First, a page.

Characterizing bacterial gene circuit dynamics with optically programmed gene expression signals

Abstract

Gene circuits are dynamical systems that regulate cellular behaviors, often using protein signals as inputs and outputs. Here we have developed an optogenetic 'function generator' method for programming tailor-made gene expression signals in live bacterial cells. We designed precomputed light sequences based on experimentally calibrated mathematical models of light-switchable two-component systems and used them to drive intracellular protein levels to match user-defined reference time courses. We used this approach to generate accelerated and linearized dynamics, sinusoidal oscillations with desired amplitudes and periods, and a complex waveform, all with unprecedented accuracy and precision. We also combined the function generator with a dual fluorescent protein reporter system, analogous to a dual-channel oscilloscope, to reveal that a synthetic repressible promoter linearly transforms repressor signals with an approximate 7-min delay. Our approach will enable a new generation of dynamical analyses of synthetic and natural gene circuits, providing an essential step toward the predictive design and rigorous understanding of biological systems.

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Figure 1: Light-switchable two-component systems (TCSs) and light tube array (LTA).
Figure 2: Experimentally characterized TCS models predict input-output dynamics.
Figure 3: Programming protein transition dynamics with a biological function generator.
Figure 4: Programming custom protein-expression signals with a biological function generator.
Figure 5: Analysis of gene circuit signal processing using the biological function generator and dual-reporter oscilloscope system.

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Acknowledgements

This research was supported by the US National Science Foundation Biotechnology, Biochemical, and Biomass Engineering (BBBE) program (EFRI–1137266) and the Office of Naval Research MURI programs (N000141310074). L.A.H. was supported by the US National Aeronautics and Space Administration Office of the Chief Technologist's Space Technology Research Fellowship (NSTRF) (NNX11AN39H). We thank S. Schmidl (Rice University) for his contribution of the pPCBSE plasmid.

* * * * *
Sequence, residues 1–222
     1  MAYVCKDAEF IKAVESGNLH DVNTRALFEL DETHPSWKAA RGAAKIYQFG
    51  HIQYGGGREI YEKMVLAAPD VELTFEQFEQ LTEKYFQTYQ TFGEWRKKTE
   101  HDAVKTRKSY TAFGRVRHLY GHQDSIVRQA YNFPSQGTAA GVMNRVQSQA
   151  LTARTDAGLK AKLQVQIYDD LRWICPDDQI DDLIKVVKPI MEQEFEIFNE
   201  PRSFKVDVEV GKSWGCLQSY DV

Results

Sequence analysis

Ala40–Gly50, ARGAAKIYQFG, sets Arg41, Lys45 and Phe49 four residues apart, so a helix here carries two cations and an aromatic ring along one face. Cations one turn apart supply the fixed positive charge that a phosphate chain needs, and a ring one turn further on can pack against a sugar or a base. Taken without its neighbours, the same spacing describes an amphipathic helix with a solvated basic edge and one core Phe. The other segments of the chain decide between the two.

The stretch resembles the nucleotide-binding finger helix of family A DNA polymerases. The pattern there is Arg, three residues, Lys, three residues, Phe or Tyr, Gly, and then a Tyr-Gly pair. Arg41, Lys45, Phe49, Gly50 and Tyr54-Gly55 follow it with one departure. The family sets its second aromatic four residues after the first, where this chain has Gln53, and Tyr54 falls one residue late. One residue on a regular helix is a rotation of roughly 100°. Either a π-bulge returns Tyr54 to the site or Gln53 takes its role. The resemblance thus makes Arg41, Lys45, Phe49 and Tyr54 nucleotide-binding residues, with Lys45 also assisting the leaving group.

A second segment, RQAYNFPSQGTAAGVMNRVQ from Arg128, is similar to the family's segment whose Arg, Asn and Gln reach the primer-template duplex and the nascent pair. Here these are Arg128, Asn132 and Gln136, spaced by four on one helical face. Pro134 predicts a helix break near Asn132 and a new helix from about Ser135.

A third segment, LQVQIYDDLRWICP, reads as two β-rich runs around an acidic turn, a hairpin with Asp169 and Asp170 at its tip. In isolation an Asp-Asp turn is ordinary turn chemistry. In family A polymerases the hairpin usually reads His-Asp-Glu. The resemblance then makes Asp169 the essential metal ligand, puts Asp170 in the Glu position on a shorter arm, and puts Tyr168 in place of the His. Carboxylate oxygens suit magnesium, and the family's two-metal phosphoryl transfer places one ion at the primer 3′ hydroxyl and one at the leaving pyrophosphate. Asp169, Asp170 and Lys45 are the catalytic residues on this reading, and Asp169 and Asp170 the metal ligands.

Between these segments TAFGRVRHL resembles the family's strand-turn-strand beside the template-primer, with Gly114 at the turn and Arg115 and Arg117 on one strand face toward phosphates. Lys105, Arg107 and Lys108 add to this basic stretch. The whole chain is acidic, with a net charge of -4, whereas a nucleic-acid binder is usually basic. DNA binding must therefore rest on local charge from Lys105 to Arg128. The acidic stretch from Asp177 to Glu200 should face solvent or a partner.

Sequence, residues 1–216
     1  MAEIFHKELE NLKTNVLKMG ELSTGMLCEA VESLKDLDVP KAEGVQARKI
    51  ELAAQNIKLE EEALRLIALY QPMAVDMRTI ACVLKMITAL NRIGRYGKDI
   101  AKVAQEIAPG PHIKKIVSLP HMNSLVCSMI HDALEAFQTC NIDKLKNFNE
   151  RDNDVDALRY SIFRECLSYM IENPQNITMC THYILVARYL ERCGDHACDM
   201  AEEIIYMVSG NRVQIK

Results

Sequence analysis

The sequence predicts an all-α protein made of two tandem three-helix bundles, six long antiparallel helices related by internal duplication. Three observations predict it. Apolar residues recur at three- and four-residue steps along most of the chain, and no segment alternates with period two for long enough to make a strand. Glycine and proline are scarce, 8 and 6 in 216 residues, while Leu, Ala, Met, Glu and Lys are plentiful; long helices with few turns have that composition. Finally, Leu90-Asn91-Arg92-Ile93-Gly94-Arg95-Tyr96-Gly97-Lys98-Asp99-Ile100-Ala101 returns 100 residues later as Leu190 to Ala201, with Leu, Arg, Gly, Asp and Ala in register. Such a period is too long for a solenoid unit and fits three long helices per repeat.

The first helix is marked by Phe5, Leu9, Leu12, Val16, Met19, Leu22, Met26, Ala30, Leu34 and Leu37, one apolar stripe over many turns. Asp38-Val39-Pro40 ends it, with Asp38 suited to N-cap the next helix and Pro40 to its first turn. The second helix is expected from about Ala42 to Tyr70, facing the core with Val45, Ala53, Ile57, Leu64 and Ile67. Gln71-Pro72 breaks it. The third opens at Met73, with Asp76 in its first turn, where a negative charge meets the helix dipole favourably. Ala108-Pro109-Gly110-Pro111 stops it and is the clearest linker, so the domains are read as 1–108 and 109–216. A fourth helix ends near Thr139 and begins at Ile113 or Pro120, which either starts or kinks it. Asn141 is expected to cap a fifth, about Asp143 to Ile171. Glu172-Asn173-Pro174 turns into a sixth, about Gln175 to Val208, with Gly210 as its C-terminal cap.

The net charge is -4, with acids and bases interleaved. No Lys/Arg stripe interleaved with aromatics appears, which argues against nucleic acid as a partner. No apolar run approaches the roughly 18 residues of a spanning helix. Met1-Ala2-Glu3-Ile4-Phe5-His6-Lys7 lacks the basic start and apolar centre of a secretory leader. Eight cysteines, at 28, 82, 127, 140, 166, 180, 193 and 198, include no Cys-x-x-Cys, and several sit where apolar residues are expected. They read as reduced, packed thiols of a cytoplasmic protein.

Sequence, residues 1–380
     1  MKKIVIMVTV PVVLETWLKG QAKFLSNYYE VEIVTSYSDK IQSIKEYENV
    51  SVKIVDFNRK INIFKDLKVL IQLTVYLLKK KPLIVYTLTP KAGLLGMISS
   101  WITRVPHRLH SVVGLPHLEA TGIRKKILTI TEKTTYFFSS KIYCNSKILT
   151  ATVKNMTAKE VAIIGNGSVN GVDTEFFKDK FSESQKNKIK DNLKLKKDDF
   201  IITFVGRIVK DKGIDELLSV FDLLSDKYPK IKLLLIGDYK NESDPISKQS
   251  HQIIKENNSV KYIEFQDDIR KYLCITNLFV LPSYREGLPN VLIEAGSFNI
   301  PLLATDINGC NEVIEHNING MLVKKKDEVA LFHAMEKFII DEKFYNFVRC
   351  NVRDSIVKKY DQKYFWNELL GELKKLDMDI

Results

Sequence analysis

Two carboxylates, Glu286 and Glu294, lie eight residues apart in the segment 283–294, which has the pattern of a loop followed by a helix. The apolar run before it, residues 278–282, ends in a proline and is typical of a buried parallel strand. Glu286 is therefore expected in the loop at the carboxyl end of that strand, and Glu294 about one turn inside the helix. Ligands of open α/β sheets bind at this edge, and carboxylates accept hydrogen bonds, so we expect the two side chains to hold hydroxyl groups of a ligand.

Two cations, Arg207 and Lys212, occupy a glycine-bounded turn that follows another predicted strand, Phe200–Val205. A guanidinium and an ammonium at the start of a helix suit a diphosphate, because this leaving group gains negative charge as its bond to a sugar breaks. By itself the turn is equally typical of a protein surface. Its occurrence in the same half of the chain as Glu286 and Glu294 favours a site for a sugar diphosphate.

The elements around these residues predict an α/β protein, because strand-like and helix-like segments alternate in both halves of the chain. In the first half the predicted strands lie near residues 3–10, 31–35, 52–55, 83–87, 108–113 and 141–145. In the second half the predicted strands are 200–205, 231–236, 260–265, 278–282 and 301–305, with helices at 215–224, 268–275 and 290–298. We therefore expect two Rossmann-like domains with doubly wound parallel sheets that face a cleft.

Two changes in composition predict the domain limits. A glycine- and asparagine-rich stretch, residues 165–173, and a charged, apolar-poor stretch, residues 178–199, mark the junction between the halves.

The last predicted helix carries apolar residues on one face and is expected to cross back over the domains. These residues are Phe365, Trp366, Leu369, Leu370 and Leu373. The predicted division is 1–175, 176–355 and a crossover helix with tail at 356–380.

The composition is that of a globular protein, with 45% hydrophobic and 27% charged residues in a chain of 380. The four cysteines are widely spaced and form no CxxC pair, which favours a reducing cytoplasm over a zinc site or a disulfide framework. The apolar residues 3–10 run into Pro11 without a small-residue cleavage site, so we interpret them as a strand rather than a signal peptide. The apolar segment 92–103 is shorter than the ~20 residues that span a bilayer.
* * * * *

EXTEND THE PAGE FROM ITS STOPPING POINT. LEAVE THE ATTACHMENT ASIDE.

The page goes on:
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Contributions

J.J.T. and E.J.O. conceived of the project, and J.J.T. supervised the project. E.J.O., L.A.H., B.P.L. and R.S. designed and performed experiments. E.J.O. and B.P.L. designed and constructed plasmids. E.J.O. designed and constructed the LTA, analyzed data, constructed the model and developed the light program sequence optimization algorithm. J.J.T. and E.J.O. wrote the manuscript.

Corresponding author

Correspondence to Jeffrey J Tabor.

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The authors declare no competing financial interests.

Supplementary information

Supplementary Text and Figures

Supplementary Figures 1–18, Supplementary Tables 1–7 and Supplementary Notes 1–12 (PDF 3922 kb)

Supplementary Software

Python scripts to perform flow cytometry file extraction and analysis, produce model simulations of gene expression output, fit models to gene expression data and compute light inputs that drive gene expression output to follow a reference signal. (ZIP 1580 kb)

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Olson, E., Hartsough, L., Landry, B. et al. Characterizing bacterial gene circuit dynamics with optically programmed gene expression signals. Nat Methods 11, 449–455 (2014). https://doi.org/10.1038/nmeth.2884

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